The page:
Among those without degrees, he said, “Their economic struggles may be exacerbated by what is a new and changing economy in ways that they are not yet hearing the full discussion in this campaign about who will really help people who feel in many ways left behind…I think Bill Clinton did a very good job of addressing those voters in the 90s. Hillary Clinton did when they were in Arkansas. They will speak to these voters as we go forward. Hillary Clinton certainly will. We want to get those voters, we believe we can.”

But, Benenson added, “we also believe … when we look at the totality of where we are, you emphasize what’s the issue with non-college, but you’re also not talking about the fact that the college voters on the flipside right now we’re going better than any Democrat has ever done … So, is there something else driving it? I think there is possibly, that maybe those folks are a little more afraid and little more anxious, and there’s something that Trump is saying that’s appealing to that, that is playing on that.”

Indeed, as the Washington Post’s Greg Sargent pointed out Monday, the CNN/ORC poll found a huge gap in the reaction to Trump’s sharp-edged convention message between non-college-educated whites on the one hand, and college-educated whites and minorities on the other.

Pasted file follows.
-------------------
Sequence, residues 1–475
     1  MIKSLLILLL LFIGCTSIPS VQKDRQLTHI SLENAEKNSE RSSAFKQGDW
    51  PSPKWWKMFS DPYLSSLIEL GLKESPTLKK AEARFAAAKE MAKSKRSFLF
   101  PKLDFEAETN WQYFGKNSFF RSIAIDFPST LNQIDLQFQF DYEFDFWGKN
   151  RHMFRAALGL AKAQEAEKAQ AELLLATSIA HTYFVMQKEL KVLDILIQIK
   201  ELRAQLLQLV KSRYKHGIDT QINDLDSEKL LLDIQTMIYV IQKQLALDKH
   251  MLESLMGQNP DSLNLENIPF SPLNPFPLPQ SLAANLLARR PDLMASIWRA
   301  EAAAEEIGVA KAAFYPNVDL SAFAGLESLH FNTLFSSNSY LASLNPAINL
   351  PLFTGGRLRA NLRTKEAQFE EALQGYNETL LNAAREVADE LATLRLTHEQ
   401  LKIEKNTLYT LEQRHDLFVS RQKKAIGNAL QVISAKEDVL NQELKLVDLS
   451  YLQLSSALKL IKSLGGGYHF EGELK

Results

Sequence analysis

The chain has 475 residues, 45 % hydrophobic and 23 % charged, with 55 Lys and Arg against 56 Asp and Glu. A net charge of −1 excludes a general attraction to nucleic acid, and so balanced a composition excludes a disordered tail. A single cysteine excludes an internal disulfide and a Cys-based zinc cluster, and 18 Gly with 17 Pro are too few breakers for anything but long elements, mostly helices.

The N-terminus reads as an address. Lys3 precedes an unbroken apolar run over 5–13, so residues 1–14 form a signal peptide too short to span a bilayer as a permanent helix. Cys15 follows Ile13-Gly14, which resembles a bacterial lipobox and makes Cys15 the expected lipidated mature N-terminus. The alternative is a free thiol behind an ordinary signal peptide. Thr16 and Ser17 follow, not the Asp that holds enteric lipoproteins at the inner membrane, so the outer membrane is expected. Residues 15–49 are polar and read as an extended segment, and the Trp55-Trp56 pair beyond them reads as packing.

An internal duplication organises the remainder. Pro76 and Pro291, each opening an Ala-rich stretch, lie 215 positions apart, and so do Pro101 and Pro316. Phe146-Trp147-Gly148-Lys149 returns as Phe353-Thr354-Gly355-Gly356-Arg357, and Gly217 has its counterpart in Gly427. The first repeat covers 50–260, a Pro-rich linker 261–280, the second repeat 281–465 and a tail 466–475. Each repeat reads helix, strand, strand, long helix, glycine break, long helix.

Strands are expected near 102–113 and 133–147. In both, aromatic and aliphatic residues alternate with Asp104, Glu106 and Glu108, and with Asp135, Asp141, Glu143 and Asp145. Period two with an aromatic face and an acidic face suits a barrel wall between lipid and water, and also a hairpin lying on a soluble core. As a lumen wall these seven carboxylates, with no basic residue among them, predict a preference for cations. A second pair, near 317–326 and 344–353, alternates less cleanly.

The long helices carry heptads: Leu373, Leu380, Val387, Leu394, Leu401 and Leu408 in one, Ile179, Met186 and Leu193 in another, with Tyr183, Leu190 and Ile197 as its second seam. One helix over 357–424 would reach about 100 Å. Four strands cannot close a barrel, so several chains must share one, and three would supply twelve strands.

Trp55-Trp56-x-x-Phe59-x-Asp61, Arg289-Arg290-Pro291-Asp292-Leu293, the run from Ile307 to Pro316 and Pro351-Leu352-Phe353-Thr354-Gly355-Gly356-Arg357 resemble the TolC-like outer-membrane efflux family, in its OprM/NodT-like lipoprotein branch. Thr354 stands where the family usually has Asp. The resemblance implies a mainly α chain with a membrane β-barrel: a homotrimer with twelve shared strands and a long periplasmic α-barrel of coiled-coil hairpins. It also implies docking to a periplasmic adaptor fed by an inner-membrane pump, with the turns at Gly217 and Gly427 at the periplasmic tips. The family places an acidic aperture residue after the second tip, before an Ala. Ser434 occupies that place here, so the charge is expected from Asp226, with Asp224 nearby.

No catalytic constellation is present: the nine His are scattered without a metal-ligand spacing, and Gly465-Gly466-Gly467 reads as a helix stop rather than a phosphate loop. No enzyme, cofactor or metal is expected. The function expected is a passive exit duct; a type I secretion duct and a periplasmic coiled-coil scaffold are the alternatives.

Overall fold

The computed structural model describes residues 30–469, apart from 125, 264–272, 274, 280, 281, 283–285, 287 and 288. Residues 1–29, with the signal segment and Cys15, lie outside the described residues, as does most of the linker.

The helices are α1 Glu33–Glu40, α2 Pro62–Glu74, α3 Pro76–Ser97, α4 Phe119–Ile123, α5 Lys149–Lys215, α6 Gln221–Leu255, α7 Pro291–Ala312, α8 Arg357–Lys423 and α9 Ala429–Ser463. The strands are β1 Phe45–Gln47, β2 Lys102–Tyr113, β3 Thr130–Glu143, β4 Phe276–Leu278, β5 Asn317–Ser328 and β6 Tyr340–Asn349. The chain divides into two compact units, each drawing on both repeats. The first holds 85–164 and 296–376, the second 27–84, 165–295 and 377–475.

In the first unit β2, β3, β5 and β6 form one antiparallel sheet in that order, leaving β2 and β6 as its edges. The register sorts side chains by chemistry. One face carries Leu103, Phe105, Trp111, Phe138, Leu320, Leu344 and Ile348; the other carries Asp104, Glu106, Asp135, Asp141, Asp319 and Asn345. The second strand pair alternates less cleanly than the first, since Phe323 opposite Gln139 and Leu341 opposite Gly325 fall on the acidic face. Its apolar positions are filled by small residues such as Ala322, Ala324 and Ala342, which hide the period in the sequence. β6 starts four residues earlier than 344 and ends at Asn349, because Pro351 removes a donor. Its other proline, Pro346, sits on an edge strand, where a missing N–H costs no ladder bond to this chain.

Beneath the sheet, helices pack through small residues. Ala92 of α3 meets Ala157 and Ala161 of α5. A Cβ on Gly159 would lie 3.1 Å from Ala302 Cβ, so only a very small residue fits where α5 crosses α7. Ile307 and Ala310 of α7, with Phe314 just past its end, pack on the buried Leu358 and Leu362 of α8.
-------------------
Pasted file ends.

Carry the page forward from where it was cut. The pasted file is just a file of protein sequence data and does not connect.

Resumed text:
By a margin of 60 percent to 34 percent, whites without a degree said Trump’s ominous acceptance speech “reflected the way you, personally, feel about things in the United States today.” But a narrow majority of college-educated whites said it did not. Even more emphatically, two-thirds of voters of color said the speech did not reflect their assessment of America today. And while 56 percent of non-college-educated whites said the speech made them more likely to vote for Trump, a plurality of college-educated whites (48 percent) and a significant majority of minorities (60 percent) said it made them less likely to support him.